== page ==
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Everyone has come to accept that taxes are a fact of life. But how often do we stop and take a look at what these taxes really are?
While business and income taxes make the headlines, few of us actually know what payroll taxes are and how they work.
This isn’t a personal fault—we’re all busy. As long as the check clears, we’re happy. We all do it. We read the total paid without taking a careful look at the deposits (amounts put in) and withholdings (amounts taken out).
While it’s understandable that we don’t know much about payroll taxes, the truth is we should.
Put simply, payroll taxes are the taxes used to fund programs like Medicare, social security, and unemployment insurance. (You’ve heard of them. You just might not have known the lingo.)
But (and there’s always a but), because the U.S. government is divided into federal, state, and local jurisdictions, there are federal, state, and local payroll taxes. Just as it sounds, all these levels of legislation have a multiplier effect. The more taxes there are, the more rules there are to follow.
In a previous post on the complexity of payroll taxes, small business expert Rieva Lesonsky noted that between 2001 and 2012 there was an average of one change a day to the more than 15,000 tax codes in the United States.
In the context of payroll, the three main federal payroll taxes are:
Like the federal government, state and local governments also have payroll taxes, including state income tax and state unemployment taxes (SUTA). Local taxes vary and can be anything from a flat income tax to a tiered transportation or school board tax.
Payroll contributions, like bonuses, commissions, overtime pay, back pay, and accumulated sick pay are all considered taxable income. As a result, these bonus wages are subject to a 25% flat tax by the IRS and an additional percentage by the state. Basically, almost every form of income falls under some kind of taxation.
Employer responsibilities for payroll taxes include:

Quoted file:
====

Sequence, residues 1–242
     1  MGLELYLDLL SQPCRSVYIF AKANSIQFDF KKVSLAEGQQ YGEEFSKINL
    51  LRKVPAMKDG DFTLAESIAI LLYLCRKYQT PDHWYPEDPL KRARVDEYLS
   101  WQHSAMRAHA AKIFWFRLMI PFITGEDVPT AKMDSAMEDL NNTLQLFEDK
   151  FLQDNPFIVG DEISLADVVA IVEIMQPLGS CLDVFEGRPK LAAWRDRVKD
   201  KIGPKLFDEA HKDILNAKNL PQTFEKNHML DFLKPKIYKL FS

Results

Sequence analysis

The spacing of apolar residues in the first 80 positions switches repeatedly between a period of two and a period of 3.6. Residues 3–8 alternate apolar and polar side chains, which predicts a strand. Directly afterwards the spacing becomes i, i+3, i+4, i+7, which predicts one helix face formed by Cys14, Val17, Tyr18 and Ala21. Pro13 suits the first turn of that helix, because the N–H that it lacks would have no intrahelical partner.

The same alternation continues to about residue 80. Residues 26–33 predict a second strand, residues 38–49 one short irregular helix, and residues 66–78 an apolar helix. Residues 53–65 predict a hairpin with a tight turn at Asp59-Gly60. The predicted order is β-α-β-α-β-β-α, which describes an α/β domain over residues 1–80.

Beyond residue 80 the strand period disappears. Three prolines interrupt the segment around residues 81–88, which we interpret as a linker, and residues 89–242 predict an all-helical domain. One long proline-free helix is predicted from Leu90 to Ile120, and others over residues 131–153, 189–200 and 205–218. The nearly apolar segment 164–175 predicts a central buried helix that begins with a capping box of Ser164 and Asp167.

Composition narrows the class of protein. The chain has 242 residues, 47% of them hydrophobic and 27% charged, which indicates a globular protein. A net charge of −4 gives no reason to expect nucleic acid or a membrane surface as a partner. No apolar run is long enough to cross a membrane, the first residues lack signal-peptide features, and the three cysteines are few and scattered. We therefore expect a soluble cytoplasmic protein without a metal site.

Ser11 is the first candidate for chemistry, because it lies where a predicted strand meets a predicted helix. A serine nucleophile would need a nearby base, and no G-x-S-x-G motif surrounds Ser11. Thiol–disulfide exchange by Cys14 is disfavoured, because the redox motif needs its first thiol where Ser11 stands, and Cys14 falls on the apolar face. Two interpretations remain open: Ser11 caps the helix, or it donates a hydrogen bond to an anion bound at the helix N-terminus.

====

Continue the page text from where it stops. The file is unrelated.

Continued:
January 31st is a key annual deadline for employers. By this date, employers must have given each employee a W-2 reflecting income and tax amounts. (One part of each W-2 is sent to the Social Security Administration as well.)
IRS Forms 940 Employer’s Annual Federal Unemployment (FUTA) Tax Return and 941 Employer’s Quarterly Federal Tax Return are also due on January 31st. (As its name implies, Form 491 is also due once a quarter. The deadlines are April 30th, July 31st, and October 31st.)
On a state level, employers must file quarterly wage detail reports to document SUTA amounts.
The term for following all these rules is compliance. The more you learn about payroll and payroll taxes, the more you’ll hear about compliance.
An employee’s role in relation to payroll taxes is primarily advocacy—specifically with providing correct information when providing a W-4 to an employer. When completing this document, employee must accurately provide their full legal name, social security number, and current address. And they must accurately select which tax exemptions apply.
Throughout the year, employees should review their pay stubs to ensure that right deductions are made and that the numbers add up. If anything seems off, the employee should speak up and ask questions.
Whenever there’s a change to the employee’s tax exemptions, like getting married or having a child, the employer needs to be notified, using a revised W-4, so that this can be applied to the payroll taxes. Name and address changes should also be shared with employers. If the information doesn’t match up at the tax agency, it can cause problems and delays.
Note: The exchange of accurate information should be a collaborative process. It’s also a good idea for employers to check in with employees once or twice a year to ensure that all of their personal and tax information is up to date.
With the sheer number of taxes, rules, and process, mistakes are almost par for the course. Using small business accounting software and payroll software definitely help by automating calculations, withholdings, deposits, and reporting. However, they are only tools and only as good as the information that’s entered.
This is why, time and again, the ultimate responsibility for any mistake falls back to the employer (business owner). In extreme cases, the IRS will even seize personal assets and seek criminal charges.
In addition to the legal and financial consequences, payroll mistakes also impact employee morale. Employees trust that their employers will pay them accurately and on time. Once this trust is broken, it can take a long time to repair.
While this post is detailed, it really only scratches the surface of everything that’s involved with payroll taxes. Employers who want to learn more about payroll taxes can use any of these resources to track down the information they need:
One of the mottos for all things entrepreneurs is never stop learning. Find the news sites and blogs you like and stay up-to-date on the topics that matter to you and your business.